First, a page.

Lobuche, though, receives some things on the helicopters while they are passing in and out of the town on missions which meant that they were able to get their hands on luxuries like meat. Another wonderful thing was that the electricity was more reliable here than at the last tea house we stayed at, which meant I was able to charge my phone. I can live without many things, but music isn't one of them. That night as I sat in the hut eating my chicken, clean because I had the amazing opportunity of showering the night before and jamming out to my music, I was one of the happiest people in the world.
While on the subject of "little things that count," I cannot forget to mention the toilets. After Namche all of the toilets either became squat toilets or they were a regular toilet that didn't have the ability to flush. The former is just annoying. As a woman I am squatting a lot and beginning to attribute my knee pain to toilets more than trekking. The upside of these toilets is there isn't any stagnant water holding onto ungodly spells. The sitting toilet option just sucks. You desperately want to sit on it, but you know better so end up squatting anyway. There is water in this toilet just like our traditional ones, but they don't flush so you take a jug of water and pour it into the hole... if you have ever had a toilet that isn't working you know it takes about a gallon (not a jug) to flush the toilet entirely clean of its contents. Hence, these toilets were very rarely clean and free of odor.
As for bathing... Hot water was neither easy to come across nor free. After Namche power, just as with most other commodities, became limited. This mean little access to heat that would warm water (much less entire buildings!). The other problem with no heat and little insulation was that pipes froze every night. The outcome was that a shower was only possible midday, once the pipes had thawed and the heating system could couple with the sun to warm the water. Even then you may get 5-7 minutes of warm water, at best. Then you have to manage to dry up (my long, thick hair included) before it got dark. This left you with a very small window of opportunities to get in a shower. Finally, it didn't matter how clean you got because you were still putting on dirty clothes.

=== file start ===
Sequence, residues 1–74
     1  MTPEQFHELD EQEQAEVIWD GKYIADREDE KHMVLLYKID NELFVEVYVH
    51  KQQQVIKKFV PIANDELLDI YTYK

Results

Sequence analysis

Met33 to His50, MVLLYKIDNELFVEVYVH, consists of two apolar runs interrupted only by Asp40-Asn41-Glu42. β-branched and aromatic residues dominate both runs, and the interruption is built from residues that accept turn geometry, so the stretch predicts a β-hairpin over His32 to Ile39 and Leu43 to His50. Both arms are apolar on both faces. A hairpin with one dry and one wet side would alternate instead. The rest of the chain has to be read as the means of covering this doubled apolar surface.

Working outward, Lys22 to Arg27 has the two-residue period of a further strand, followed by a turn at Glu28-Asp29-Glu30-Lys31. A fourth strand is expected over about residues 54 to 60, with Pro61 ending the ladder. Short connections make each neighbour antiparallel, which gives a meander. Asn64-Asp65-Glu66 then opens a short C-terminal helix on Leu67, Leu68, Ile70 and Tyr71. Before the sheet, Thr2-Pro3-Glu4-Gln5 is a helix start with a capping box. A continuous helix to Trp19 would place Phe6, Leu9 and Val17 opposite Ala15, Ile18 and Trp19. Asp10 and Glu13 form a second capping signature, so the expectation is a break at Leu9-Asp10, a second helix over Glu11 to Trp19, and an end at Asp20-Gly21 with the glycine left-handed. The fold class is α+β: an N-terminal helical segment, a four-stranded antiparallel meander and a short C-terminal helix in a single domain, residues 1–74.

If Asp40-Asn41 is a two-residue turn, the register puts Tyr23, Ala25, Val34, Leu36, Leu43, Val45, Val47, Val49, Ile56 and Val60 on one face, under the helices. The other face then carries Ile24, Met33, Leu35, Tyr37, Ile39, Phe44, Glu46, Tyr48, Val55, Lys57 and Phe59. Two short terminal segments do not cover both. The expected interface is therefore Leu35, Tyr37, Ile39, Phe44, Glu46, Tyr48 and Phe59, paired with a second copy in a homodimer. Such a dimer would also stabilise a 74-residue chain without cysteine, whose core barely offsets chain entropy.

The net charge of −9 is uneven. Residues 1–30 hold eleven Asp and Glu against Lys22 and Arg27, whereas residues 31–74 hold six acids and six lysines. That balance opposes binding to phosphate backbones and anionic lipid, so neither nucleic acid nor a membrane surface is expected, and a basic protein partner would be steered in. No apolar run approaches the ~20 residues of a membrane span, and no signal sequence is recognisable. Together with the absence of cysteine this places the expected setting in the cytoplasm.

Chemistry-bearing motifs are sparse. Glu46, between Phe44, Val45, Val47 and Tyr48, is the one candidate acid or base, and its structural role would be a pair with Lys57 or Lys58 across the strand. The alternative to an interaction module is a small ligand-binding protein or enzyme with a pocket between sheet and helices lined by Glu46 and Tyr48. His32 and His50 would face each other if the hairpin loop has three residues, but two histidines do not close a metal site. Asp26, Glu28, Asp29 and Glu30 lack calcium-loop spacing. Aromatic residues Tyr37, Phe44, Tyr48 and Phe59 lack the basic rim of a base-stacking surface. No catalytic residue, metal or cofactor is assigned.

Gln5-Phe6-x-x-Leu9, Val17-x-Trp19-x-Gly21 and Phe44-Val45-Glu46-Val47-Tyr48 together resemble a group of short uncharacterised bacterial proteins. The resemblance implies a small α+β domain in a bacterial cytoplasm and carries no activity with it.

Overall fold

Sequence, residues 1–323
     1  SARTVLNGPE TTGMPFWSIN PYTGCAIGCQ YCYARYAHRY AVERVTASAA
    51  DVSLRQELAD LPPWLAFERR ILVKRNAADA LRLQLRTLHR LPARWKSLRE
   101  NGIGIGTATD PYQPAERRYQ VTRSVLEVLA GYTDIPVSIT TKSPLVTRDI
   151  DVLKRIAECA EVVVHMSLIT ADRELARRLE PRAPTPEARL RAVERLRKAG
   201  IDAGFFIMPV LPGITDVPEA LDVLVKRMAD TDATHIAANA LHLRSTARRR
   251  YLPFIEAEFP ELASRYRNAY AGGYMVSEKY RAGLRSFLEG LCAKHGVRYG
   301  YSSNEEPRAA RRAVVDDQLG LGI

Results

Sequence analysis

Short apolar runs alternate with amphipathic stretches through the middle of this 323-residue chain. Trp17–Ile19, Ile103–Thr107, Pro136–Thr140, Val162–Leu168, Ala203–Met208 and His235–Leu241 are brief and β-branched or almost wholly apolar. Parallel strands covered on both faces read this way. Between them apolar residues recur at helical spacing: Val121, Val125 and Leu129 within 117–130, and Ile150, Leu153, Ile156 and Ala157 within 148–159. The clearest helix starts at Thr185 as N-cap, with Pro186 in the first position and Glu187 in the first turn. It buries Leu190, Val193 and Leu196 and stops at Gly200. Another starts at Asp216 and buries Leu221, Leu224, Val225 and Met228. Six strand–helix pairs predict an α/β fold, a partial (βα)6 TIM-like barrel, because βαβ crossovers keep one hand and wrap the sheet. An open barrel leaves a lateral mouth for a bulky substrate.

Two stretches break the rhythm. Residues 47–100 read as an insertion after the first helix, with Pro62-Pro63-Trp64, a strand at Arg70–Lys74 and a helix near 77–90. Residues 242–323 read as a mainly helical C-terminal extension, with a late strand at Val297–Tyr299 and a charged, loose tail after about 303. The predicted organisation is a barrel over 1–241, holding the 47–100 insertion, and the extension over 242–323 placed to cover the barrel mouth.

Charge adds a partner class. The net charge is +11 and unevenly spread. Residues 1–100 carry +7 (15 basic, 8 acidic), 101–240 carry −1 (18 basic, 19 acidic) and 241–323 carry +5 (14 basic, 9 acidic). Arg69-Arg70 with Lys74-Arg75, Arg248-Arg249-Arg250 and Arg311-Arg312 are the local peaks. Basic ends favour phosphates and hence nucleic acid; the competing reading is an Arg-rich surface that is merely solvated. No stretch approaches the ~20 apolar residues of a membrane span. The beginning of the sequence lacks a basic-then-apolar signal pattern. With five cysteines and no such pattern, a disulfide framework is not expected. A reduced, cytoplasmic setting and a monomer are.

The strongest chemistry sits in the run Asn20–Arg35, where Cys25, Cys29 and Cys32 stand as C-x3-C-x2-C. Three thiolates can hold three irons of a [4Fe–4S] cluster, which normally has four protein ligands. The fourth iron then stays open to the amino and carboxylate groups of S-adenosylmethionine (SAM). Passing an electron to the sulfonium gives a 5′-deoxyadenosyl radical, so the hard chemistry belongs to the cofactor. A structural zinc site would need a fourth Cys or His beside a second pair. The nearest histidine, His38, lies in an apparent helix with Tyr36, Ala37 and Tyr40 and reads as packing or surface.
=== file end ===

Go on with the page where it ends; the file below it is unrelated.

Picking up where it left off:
To most westerners all of these situations would be considered massive inconveniences, but in much of the world these things are a part of lives that are just as happy and healthy as our. Again, another pleasant reality check of what defines a "good" life. I'm sure many of these people who love hot showers, flushing toilets, ovens and fresh veggies, but they certainly aren't lesser people because of the things they don't have. Besides, despite the magnitude that these "inconveniences" may pose in your mind, they were minimal when compared to the opportunity I received every day. Of course there were times where I desperately wished for "American" standards, but for the most part I focused not on what I wanted, but what I did have and felt gratitude in that. Somehow life becomes more magical when instead of dreaming of new cars and houses you are dreaming of flushing toilets, salads with steak and hot water.
Something that I love about traveling, especially in lower income countries, is that in the simplicity of other people's living styles you become aware of how luxurious western lives are and how jaded we have become because of them. I have come to prefer this kind of travel to high-end European traveling or all-inclusive resorts. I feel peace when things are simpler and fewer choices need to be made. When you aren't worried about all the fluff you are able to get to the heart of life and all that truly matters: love, joy, peace. Luxury is a matter of opinion and although it may change an experience it certainly doesn't define the magnificence of it.
Chelsea M Latham
When I was a kid my mom would occasionally refer to me as a Reverend, because I had the need to speak so passionately about just about everything. Little did she know that some day I would build a business upon sharing the wisdom that I am so passionate about. So here you go, here are some bits and bobs of thoughts strung together for your enjoyment.